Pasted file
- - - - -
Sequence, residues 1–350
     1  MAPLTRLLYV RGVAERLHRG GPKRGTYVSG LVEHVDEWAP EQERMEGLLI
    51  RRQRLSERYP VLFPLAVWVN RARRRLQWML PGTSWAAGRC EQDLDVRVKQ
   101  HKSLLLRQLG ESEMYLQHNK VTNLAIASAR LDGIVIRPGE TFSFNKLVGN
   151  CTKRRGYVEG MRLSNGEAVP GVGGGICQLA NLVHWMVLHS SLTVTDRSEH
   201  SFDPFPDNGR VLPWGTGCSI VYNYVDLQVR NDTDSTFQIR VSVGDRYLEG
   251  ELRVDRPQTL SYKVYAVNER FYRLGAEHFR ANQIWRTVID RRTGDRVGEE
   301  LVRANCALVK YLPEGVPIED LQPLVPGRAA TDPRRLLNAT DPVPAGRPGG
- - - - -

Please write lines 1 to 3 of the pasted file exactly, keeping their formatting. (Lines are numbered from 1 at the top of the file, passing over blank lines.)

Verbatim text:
Sequence, residues 1–350
     1  MAPLTRLLYV RGVAERLHRG GPKRGTYVSG LVEHVDEWAP EQERMEGLLI
    51  RRQRLSERYP VLFPLAVWVN RARRRLQWML PGTSWAAGRC EQDLDVRVKQ